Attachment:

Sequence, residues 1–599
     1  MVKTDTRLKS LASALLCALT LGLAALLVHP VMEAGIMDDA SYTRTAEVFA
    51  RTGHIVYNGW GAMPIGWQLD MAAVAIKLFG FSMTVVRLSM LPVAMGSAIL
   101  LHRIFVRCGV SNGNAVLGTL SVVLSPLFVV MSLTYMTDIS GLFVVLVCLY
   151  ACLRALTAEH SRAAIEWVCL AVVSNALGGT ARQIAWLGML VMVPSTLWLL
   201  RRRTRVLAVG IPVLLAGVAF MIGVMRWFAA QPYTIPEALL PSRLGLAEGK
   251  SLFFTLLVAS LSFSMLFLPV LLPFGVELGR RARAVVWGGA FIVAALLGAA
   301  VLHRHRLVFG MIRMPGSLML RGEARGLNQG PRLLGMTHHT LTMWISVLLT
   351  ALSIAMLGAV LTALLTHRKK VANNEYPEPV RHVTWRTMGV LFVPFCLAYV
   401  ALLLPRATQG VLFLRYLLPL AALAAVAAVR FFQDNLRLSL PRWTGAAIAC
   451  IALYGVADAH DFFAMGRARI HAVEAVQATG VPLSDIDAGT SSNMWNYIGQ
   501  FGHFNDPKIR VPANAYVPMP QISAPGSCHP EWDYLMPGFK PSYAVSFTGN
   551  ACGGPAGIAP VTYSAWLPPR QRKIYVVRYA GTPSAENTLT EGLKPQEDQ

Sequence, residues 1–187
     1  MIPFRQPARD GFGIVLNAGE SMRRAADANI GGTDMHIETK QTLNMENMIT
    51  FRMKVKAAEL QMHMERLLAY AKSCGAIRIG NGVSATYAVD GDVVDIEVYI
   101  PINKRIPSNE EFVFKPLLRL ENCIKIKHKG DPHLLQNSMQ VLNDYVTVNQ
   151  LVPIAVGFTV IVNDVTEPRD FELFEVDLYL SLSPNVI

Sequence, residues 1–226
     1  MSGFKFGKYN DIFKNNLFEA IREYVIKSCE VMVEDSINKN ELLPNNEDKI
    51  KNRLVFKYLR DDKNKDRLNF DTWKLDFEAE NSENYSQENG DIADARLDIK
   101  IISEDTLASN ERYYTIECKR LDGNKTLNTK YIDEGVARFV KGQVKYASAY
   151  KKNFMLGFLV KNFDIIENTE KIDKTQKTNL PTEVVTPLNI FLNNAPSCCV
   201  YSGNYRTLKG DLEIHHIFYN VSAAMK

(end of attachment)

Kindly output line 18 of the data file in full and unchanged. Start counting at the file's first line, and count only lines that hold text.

   151  LVPIAVGFTV IVNDVTEPRD FELFEVDLYL SLSPNVI